So! A day ago, everyone got up in arms about Apple knocking Saga #12 off it’s App Store because of a postage-stamp sized gay sex scene. Now, it turns out it wasn’t missing from the App Store by Apple specific order but was rather withheld by Comixology themselves for fear of getting slapped around by Apple’s silly, arbitrary, draconian censorship policies. So, basically, The Internet got all torches-and-pitchforks furious at Apple for something they were only indirectly responsible for; and now The Internet is supposed to learn a valuable lesson about jumping to conclusions or something and feel very, very bad about it’s behavior.
Here’s the thing: While this time it turned out to be a false alarm; I’m encouraged by the idea that The Internet was ready to pillory Apple at the drop of a hat. Even when they turn out to be not the “villain” in this or that instance, inherent mistrust is always the proper place to start from when dealing with corporations. Not because they’re “evil,” or because of “capitalism,” or because they’re run by Freemason Reptoids, but because that’s the proper way to approach an entity that exists to exploit you – yes, even when said exploitation is benign or enjoyable to you.
The history of Apple as a modern corporate entity is a history of a company rebranding itself, largely through the efforts of a charismatic leader-figure, as not just a “cool” and “chic” company but a “good” one. Buying – and remaining loyal to the buying of – Apple-brand products (which Apple encouraged through unprecedented focus on proprietary device-linkage) became, perversely, a way of voluntarily branding yourself: “I’m Team Good-Guy Tech!” This was, of course, back when the cultural dynamic in tech was Jobs the Cool Visionary vs. Gates the Creepy Nerd With Too Much Money (what’s he spending it on – pocket protectors LOLOLOLOLOL!) rather than Jobs the Socially-Cold Control Freak vs. Gates the Guy Spending Billions Fighting AIDS and World Poverty.
So yeah, while it’s unfortunate that incorrect information got mass-reported as news, I find it gratifying as hell to see some real confirmation that Apple’s “sainthood” seems to have passed on with Steve Jobs (and, just to be clear, I’ve got no “personal” beef with the late Mr. Jobs and own many Apple products.) Assuming that Apple was in the wrong here may have been an incorrect assumption (though lets be perfectly clear here: The reason the book wasn’t there is still largely owed to Apple’s control-freak content policies) but it was a very correct instinct. Apple is a very large, very powerful corporation that has pulled some really, seriously shady shit over the years – including shady shit involving how they manage (read: control and restrict) content producers through the omnipresence of their digital-retail outlets. That you believed Apple had done something that sounded like something Apple would do reflects much worse on Apple than it does on you.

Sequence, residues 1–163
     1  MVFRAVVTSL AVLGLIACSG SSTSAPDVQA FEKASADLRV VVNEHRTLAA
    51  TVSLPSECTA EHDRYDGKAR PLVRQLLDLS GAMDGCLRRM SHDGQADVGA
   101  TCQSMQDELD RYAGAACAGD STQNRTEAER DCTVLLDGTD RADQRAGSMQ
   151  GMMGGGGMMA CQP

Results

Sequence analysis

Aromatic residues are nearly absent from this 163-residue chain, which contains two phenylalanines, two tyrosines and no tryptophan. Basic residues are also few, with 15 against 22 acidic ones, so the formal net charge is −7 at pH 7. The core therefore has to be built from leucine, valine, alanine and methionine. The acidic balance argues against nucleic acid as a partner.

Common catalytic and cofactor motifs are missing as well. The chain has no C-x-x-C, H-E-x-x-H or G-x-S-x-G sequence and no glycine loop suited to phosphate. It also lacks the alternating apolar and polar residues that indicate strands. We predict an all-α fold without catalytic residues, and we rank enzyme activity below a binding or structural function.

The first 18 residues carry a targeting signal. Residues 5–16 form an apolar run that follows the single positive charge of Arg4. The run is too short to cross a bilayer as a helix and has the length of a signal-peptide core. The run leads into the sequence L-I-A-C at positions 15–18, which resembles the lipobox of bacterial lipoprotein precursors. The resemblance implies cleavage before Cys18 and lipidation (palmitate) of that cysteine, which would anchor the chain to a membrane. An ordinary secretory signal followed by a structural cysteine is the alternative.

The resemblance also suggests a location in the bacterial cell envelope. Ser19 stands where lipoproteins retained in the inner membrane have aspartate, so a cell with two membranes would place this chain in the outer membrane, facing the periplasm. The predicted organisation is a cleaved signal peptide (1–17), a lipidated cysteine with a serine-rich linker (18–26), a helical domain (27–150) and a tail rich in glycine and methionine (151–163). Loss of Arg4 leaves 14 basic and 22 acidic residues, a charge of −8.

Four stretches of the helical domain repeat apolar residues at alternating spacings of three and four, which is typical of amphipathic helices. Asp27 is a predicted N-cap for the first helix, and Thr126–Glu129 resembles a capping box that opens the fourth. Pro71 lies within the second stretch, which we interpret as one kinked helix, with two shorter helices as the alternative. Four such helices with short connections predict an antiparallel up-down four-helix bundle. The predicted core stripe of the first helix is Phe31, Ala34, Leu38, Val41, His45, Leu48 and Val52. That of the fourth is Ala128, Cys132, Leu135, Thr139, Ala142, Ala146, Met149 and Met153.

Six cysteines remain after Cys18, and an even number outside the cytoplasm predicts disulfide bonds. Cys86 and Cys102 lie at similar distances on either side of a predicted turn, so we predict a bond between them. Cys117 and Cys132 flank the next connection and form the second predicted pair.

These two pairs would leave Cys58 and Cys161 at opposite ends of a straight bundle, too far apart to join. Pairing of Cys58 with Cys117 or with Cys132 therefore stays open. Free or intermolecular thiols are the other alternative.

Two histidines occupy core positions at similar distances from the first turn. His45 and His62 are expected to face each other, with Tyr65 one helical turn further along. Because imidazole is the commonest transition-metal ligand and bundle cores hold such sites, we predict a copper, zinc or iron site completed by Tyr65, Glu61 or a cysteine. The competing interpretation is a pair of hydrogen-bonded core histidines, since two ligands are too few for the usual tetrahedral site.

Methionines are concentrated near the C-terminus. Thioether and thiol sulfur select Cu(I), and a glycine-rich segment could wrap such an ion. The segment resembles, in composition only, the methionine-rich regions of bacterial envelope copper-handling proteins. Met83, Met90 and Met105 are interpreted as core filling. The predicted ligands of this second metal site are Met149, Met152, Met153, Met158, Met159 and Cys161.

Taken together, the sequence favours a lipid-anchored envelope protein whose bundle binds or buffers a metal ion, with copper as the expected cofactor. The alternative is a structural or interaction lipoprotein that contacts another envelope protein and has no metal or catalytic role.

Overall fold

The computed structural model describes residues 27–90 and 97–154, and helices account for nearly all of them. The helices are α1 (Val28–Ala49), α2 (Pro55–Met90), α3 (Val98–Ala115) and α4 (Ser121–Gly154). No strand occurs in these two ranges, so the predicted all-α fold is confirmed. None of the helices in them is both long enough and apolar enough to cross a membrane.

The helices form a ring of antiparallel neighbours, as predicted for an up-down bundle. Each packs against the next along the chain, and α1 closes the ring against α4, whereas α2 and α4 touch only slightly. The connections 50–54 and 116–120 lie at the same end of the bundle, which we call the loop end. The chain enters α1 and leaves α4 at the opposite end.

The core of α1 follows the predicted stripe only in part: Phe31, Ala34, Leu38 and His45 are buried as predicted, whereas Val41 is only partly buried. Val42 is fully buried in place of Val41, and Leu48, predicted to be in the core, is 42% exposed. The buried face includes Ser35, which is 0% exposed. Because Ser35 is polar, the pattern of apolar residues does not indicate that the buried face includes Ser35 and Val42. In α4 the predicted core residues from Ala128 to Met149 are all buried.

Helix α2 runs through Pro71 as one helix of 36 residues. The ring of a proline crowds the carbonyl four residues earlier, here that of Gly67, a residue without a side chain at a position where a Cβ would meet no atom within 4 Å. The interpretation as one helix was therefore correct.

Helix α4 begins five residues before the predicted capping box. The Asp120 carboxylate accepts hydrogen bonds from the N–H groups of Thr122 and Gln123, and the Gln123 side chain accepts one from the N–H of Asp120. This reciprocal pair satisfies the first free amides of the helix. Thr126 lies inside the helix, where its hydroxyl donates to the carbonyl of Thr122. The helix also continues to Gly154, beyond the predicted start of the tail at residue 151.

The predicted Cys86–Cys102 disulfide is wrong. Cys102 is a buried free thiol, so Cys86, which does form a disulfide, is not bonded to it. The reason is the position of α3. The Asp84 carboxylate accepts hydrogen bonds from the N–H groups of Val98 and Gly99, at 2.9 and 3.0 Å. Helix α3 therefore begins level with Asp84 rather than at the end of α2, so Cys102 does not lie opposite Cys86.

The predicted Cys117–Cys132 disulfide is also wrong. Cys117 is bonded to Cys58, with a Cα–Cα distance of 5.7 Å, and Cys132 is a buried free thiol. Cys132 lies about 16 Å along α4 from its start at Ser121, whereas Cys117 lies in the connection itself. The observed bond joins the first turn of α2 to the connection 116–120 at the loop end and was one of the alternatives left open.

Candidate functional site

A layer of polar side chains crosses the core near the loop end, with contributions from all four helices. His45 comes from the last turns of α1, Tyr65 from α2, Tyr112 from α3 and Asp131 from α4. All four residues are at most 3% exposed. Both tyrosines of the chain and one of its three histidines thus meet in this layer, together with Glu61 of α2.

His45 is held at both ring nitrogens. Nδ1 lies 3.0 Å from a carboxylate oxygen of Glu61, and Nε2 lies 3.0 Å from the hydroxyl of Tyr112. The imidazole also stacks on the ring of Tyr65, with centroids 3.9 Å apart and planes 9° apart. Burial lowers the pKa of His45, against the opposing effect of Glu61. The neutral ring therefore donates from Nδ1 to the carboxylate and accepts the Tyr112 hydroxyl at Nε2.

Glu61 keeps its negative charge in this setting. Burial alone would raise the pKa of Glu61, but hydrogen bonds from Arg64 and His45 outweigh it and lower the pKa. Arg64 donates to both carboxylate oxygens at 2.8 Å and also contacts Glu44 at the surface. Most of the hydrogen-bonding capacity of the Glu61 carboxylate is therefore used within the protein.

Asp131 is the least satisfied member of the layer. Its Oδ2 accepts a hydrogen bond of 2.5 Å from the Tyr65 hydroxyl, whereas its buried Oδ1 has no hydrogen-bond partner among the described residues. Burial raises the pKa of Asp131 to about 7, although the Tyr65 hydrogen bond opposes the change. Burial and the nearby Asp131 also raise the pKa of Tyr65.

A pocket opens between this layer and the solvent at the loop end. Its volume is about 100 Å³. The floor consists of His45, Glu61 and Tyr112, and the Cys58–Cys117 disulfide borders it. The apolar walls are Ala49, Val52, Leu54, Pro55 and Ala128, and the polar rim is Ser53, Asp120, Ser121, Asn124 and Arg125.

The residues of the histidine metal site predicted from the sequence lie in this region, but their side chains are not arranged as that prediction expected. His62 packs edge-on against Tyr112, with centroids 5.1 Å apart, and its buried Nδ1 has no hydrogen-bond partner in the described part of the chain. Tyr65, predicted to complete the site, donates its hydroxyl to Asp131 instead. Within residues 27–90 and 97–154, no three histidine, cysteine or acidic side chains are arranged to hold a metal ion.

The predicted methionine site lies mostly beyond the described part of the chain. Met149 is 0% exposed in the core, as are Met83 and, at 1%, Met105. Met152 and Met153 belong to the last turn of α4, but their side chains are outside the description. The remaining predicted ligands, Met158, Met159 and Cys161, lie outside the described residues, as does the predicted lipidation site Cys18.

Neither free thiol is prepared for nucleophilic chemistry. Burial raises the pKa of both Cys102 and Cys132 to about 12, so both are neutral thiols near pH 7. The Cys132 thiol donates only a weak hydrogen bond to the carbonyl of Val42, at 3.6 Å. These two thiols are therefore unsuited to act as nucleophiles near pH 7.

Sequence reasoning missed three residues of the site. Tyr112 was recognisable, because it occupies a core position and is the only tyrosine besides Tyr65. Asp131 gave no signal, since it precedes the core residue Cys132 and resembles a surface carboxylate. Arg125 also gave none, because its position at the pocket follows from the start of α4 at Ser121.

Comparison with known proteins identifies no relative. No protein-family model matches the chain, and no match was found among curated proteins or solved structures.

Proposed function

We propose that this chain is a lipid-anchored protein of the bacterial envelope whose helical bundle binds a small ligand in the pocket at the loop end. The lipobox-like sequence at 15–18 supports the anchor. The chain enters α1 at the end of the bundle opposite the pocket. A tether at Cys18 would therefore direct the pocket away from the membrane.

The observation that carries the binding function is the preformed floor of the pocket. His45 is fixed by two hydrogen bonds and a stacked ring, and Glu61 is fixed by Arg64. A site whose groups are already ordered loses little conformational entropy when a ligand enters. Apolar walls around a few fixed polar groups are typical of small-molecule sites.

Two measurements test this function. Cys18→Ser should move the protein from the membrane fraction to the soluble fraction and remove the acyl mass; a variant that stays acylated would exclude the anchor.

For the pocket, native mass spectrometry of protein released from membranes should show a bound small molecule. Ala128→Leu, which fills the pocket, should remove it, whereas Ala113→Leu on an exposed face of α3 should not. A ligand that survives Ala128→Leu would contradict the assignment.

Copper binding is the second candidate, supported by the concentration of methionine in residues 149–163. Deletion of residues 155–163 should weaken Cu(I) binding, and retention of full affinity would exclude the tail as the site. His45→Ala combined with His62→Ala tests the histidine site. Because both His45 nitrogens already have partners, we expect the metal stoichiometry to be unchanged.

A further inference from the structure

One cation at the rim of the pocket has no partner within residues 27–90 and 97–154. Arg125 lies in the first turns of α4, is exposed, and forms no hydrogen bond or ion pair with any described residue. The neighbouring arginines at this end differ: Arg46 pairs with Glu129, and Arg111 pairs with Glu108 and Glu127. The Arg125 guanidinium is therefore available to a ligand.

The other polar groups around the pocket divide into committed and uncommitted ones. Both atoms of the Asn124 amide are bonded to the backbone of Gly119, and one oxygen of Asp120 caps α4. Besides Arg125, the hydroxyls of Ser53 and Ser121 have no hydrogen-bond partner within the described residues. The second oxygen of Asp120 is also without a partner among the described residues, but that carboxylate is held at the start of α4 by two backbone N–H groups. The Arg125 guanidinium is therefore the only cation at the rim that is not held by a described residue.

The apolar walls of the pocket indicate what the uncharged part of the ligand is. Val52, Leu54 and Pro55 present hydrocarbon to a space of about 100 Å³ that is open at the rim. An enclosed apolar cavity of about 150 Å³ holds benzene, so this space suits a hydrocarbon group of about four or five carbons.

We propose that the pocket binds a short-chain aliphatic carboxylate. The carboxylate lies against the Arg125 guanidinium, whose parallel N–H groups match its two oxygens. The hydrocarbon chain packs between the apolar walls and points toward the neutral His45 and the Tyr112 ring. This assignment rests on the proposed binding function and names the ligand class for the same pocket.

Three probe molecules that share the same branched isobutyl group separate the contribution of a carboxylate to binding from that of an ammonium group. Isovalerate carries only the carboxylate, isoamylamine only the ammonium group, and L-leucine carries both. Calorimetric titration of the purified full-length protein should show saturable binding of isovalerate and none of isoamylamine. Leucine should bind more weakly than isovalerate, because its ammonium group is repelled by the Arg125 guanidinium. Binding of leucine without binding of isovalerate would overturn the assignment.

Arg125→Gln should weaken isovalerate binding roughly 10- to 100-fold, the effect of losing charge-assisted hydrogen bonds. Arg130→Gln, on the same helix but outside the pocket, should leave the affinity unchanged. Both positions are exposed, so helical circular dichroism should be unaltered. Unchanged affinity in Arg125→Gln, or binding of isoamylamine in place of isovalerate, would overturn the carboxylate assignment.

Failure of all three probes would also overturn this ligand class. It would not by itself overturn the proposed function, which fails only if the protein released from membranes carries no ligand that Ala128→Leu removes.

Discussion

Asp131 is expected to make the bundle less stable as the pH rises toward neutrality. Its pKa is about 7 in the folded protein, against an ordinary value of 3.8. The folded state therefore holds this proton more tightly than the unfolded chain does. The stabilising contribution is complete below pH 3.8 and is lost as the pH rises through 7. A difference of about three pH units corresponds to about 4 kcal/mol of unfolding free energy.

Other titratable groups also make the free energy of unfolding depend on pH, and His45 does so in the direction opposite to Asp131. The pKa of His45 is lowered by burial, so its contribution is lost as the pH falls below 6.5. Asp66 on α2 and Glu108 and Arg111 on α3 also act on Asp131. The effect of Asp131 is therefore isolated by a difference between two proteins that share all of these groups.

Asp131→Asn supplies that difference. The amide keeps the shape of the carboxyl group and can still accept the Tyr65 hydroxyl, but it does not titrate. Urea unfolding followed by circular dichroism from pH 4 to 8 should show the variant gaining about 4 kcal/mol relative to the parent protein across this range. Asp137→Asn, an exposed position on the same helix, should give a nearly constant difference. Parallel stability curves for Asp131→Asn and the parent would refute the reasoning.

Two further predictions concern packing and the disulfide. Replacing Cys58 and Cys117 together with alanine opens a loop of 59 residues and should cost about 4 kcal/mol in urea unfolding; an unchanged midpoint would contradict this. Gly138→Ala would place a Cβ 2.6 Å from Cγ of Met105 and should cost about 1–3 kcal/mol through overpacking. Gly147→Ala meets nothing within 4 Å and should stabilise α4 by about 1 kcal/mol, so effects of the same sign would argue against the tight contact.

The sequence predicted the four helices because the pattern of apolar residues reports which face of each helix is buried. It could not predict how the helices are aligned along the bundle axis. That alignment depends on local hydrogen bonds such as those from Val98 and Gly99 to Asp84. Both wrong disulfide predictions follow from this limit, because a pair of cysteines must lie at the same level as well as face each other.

This is, overall, healthy behavior. There’s nothing wrong with prefering one product over another, or having a preferred manufacturer, or liking one company’s policies more than another, or any of that. But “loyalty” and “trust” are things you should give to people; and in case you slept through the most recent election it’s been rather definitively established that corporations are NOT people, my friends. Paradoxically, when you “trust” a corporation, all you’re doing is giving them leeway to make themselves less worthy of that trust.
Love the things you love, absolutely. “Love” Apple, if you want. But you should always be keeping one critical, mistrustful eye on corporations – especially the “good” ones. Because Apple doesn’t love you back. Neither does Valve. Neither does Nintendo. Neither does Marvel. Neither do any of the “good” companies the tech world likes to canonize with one hand while absurdly declaring EA (bastards, to be sure, but far less “evil” than Monsanto, the Koch Bros, etc) “World’s Worst Company.”
This is, overall, a good development.